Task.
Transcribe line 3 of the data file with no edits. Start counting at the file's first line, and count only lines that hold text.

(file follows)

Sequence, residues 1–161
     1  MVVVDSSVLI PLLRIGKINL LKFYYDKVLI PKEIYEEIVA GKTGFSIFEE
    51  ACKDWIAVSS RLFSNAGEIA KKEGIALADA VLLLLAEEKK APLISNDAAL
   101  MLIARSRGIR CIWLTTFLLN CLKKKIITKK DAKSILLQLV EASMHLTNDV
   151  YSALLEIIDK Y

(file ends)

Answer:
    51  ACKDWIAVSS RLFSNAGEIA KKEGIALADA VLLLLAEEKK APLISNDAAL